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Bridging the East-West Divide

Europe (Central and Eastern)
Comparative Politics
Democracy
Political Participation
Political Parties
Populism
Social Movements
P01

Tuesday 17:00 - 18:30 (25/05/2021)


Abstract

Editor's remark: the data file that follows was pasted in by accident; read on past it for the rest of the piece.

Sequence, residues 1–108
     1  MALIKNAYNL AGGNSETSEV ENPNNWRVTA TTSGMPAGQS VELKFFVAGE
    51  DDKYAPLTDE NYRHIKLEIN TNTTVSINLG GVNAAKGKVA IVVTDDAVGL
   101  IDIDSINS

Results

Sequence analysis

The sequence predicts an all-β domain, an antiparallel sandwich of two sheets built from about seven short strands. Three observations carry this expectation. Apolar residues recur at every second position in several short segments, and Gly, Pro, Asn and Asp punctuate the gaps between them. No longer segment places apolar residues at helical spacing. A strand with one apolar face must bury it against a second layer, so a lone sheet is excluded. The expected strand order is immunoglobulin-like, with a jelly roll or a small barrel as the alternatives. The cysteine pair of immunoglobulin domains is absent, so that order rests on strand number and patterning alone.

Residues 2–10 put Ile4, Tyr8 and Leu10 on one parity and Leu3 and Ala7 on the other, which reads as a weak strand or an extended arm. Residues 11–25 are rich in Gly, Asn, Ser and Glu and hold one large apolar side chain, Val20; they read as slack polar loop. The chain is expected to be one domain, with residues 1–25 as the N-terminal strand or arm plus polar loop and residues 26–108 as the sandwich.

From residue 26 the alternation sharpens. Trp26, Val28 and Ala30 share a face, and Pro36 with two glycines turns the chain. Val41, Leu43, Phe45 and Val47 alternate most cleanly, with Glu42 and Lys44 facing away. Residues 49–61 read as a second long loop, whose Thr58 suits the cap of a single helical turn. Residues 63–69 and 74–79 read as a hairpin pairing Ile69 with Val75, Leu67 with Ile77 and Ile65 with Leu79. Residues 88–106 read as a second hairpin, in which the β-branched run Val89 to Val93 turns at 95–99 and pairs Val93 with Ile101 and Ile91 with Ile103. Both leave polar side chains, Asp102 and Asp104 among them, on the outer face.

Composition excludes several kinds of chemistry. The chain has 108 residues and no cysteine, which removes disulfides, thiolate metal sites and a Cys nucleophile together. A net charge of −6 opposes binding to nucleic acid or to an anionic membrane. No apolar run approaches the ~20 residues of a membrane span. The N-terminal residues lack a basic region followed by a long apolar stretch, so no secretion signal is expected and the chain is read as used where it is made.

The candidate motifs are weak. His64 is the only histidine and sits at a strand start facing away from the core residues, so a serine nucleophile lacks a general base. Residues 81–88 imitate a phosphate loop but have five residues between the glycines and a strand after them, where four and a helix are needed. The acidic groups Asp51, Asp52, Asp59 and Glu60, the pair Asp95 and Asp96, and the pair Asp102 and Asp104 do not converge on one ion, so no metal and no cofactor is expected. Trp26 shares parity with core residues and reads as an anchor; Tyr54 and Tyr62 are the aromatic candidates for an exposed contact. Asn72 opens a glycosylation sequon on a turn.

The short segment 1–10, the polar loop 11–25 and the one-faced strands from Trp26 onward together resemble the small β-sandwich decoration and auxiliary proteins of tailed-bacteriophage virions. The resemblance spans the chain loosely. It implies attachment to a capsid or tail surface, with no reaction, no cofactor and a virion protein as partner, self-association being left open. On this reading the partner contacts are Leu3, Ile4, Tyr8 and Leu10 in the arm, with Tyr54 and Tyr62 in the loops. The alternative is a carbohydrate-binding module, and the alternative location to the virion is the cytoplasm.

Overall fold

Thirty years after the fall of the Iron Curtain, comparative research still struggles with incorporating Central and Eastern Europe into mainstream comparative research. Many are quick to see these regions as predestined to failure, its democracy too shallow, and perhaps only emulated. Institutions in the young-ish democracies might have shallow roots, and citizen attitudes might be less stable, but this is increasingly the case in the Western democracies. This lecture assembles scholars whose work transcends the East-West divide to discuss the extent to which both the East and the West are artificial constructs and shortcuts attempting to simplify the complex reality of contemporary democracy and how to move beyond this outdated paradigm – bridging the East-West divide. The weakening of social democratic parties offers a good example – over the last two decades, social democratic parties have been weakening both in the West and in the East. In both the East and the West, the mobilisation shifts from the economic towards the cultural cleavage, and existing political parties increasingly face populist challengers. In the East, the process of decline might be faster, as political parties did not forge strong linkages to voters and did not build a stable membership base. Nevertheless, similar processes are at play in the West – both the electoral support and membership base continue to erode as populist challengers and new left rise. The speakers, eminent scholars of political parties, social movements, and democracy will touch on these issues in their work. They will discuss ways to balancing out general trends and unique features of the Central European region.